Bob Unruh at World Net Daily poses the question: “Is a man a man because he says he’s a man, or because he was born that way? And can a man say he’s a woman and then claim discrimination based on his “gender identity” if an employer demands that he dress like a man on the job?”
It’s a huge quandary that courts are facing nationwide, and the Department of Justice wants the U.S. Supreme Court to resolve the issue.
“When Title VII was enacted in 1964, ‘sex’ meant biological sex; it ‘refer[red] to [the] physiological distinction’ between ‘male and female,’” explains a brief filed with the Supreme Court by the Department of Justice in a lawsuit by a Michigan man who claims discrimination based on “gender identity” by the funeral home that employed him.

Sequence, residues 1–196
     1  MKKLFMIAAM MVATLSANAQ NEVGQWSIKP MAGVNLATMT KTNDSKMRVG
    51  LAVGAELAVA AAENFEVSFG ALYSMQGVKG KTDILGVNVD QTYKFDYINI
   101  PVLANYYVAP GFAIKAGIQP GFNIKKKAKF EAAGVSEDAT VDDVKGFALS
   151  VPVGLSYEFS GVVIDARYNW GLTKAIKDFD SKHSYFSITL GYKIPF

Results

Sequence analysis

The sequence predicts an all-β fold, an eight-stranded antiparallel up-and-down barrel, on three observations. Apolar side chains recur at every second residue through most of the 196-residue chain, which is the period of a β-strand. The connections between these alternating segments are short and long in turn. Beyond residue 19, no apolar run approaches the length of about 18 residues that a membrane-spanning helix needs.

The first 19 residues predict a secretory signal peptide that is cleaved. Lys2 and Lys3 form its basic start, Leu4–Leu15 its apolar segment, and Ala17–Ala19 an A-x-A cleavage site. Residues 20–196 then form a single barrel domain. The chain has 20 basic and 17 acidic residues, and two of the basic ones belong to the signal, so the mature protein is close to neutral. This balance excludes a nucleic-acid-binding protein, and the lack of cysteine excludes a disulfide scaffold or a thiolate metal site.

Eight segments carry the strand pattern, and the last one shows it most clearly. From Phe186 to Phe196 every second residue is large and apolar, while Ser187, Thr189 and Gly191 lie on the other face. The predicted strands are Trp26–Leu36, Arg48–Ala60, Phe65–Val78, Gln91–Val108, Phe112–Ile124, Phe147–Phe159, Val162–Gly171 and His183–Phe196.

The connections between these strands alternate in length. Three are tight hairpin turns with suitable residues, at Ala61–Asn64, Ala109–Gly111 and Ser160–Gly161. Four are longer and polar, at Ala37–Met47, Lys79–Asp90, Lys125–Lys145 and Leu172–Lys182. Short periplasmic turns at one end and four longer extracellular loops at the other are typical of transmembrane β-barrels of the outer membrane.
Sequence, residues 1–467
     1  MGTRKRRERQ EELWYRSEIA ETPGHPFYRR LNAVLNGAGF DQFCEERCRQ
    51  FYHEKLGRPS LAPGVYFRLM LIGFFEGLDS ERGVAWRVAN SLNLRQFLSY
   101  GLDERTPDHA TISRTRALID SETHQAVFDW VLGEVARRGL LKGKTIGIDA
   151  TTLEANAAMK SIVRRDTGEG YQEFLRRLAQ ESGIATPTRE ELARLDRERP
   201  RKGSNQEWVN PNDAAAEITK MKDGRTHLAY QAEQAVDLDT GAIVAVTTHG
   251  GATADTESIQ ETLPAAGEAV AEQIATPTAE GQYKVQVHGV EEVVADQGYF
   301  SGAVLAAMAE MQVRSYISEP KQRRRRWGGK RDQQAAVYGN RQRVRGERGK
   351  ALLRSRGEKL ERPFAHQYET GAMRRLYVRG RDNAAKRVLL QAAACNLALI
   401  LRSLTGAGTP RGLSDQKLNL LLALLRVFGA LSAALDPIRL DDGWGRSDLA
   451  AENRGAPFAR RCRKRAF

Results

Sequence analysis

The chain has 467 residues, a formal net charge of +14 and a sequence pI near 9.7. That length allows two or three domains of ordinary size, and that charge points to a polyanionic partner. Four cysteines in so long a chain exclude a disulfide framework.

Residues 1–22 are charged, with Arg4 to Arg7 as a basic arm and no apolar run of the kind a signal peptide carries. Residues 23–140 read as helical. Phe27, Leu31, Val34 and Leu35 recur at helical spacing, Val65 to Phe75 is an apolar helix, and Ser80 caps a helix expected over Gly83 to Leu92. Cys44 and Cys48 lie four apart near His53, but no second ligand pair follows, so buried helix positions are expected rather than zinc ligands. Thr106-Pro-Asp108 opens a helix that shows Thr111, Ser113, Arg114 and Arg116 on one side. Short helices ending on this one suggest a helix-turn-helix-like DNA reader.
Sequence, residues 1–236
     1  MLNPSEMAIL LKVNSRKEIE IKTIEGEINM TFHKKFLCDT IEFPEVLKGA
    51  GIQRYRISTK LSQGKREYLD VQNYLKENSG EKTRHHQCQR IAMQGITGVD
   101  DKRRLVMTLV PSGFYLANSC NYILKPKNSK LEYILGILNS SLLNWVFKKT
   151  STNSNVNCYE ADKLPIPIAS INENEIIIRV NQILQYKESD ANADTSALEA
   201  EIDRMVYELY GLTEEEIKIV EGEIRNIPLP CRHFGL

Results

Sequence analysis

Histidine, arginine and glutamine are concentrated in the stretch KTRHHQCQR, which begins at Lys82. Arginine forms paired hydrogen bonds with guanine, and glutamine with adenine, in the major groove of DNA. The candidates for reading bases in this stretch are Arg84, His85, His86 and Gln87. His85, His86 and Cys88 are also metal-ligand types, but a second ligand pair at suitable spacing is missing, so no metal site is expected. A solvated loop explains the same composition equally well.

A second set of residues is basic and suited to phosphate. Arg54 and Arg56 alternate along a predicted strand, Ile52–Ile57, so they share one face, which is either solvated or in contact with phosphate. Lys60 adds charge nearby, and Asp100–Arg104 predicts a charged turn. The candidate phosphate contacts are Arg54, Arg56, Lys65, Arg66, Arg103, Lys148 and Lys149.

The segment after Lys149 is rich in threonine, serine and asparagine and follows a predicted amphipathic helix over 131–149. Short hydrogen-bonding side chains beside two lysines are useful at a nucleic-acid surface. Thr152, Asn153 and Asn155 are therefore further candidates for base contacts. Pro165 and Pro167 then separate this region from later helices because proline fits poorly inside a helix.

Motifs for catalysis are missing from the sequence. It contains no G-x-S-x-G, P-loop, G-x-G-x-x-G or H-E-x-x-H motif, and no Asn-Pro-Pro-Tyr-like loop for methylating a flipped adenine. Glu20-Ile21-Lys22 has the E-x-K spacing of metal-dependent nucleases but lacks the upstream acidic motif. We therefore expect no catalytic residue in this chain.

Anthony Stephens sued R.G. & G.R. Harris Funeral Homes of Detroit, Garden City and Livonia after he was fired for refusing to wear male attire to work. Stephens, after several years of employment, declared himself to be a woman and demanded that he be allowed to wear women’s clothing.
The owner of the funeral home, Thomas Rost, is a Christian who believes “that God has called him to serve grieving people.”
He said Stephens could dress however he wished outside of work. But Rost insisted that dressing as a woman at work would not be in the best interest of his grieving clients.
The Justice Department suggests the Supreme Court could rule in one of three similar cases and apply its ruling to the Michigan case.
The funeral home, represented by the Alliance Defending Freedom, won in a trial court, which determined that “under the facts and circumstances of this unique case,” Rost had a right to fire Stephens.
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